CEO pay is irrelevant when it comes to worker pay.
At least now the AFL-CIO has it right. They talk about total compensation and they clarify its CEO pay of S&P 500 companies they are referring to.
While I certainly don’t defend all CEO pay and logic tells me they are not all worth their compensation, this kind of information is extremely misleading and unnecessarily inflammatory.
From the AFL-CIO
Too many working families are struggling just to make ends meet—to afford the basics, like child care, groceries and rent. All the while, CEOs are paying themselves more and more and more. In 2018, CEOs of S&P 500 companies received, on average, $14.5 million in total compensation. CEO pay matters—that’s why we compiled our Executive Paywatch report.
For example: Look at the CEO of Verizon. His cash compensation was $4,987,635. Verizon has 144,500 employees. The cash pay equals $34.51 per worker. The total compensation equals $153.67 per worker. Based on what I can find the average hourly worker earns $16-$18 a hour at Verizon. So at $17.00 that’s annual pay of $35,360 which means if they got their share of the CEOs entire compensation they would receive a raise of 0.043% or $0.073 per hour. On average 2/3 of CEO compensation is stock typically having no immediate value, but with potential, including lower value.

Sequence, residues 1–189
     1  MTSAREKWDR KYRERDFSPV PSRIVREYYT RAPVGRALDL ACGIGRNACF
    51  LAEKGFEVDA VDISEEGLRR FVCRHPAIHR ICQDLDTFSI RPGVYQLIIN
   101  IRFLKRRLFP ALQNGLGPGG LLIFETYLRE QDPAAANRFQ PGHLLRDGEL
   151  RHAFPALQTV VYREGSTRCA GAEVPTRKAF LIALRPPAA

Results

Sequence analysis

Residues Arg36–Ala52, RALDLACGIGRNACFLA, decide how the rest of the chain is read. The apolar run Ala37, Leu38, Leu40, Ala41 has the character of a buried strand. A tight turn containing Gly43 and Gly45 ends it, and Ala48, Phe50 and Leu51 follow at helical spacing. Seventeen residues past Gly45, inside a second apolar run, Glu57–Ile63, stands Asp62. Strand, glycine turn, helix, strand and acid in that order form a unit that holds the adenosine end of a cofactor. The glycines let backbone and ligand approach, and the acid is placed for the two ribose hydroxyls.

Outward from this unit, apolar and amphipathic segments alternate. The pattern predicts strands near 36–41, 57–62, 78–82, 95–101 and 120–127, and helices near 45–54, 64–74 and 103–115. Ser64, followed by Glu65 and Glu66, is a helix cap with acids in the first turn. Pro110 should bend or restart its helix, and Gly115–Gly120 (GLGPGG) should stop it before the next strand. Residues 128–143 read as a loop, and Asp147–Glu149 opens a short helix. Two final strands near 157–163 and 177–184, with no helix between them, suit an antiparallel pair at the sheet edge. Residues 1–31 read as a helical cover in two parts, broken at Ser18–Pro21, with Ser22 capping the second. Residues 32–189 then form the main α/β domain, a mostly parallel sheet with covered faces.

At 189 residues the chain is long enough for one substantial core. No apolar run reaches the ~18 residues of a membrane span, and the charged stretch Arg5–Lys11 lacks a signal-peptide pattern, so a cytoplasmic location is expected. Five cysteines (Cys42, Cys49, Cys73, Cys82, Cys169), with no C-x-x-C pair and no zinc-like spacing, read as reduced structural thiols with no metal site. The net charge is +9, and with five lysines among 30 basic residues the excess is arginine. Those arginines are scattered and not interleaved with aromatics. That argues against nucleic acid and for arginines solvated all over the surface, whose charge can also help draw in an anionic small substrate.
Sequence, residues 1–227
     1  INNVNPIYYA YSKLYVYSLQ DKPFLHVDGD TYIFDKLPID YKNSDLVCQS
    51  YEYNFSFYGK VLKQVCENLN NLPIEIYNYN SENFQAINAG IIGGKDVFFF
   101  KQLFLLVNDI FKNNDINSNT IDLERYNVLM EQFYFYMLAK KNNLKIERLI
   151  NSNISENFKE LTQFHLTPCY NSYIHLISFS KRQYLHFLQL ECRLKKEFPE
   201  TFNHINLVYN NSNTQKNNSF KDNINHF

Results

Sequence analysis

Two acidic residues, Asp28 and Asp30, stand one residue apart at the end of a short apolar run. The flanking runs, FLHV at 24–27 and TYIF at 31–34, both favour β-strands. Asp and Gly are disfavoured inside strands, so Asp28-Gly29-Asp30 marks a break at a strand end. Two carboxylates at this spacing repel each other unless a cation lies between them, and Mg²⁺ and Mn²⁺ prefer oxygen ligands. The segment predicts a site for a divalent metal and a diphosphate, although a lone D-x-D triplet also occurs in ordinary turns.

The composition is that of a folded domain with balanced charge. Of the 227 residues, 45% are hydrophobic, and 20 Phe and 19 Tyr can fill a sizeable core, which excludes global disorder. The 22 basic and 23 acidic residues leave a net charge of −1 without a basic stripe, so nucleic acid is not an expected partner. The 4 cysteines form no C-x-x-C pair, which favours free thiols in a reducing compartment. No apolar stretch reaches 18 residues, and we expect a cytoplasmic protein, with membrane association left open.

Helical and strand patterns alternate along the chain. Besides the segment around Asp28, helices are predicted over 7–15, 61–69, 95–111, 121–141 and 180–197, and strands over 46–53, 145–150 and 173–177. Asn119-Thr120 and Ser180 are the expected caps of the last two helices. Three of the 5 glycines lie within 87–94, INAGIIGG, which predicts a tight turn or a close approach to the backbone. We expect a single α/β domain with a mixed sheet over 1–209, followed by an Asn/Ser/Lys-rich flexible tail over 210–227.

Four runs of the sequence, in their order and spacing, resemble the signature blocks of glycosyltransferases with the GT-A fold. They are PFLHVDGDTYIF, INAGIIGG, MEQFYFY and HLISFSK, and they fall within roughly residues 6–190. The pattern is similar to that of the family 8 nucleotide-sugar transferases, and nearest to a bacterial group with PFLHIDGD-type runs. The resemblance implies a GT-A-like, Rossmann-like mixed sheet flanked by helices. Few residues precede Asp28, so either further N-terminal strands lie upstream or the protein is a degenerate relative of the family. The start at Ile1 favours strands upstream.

Keep in mind too that an increase in pay is not dollar for dollar. You raise pay by a $1.00 then add all employer paid state and federal payroll taxes and employer related costs for employer benefits.
What we need to be fair are more profit sharing and stock award plans for all workers.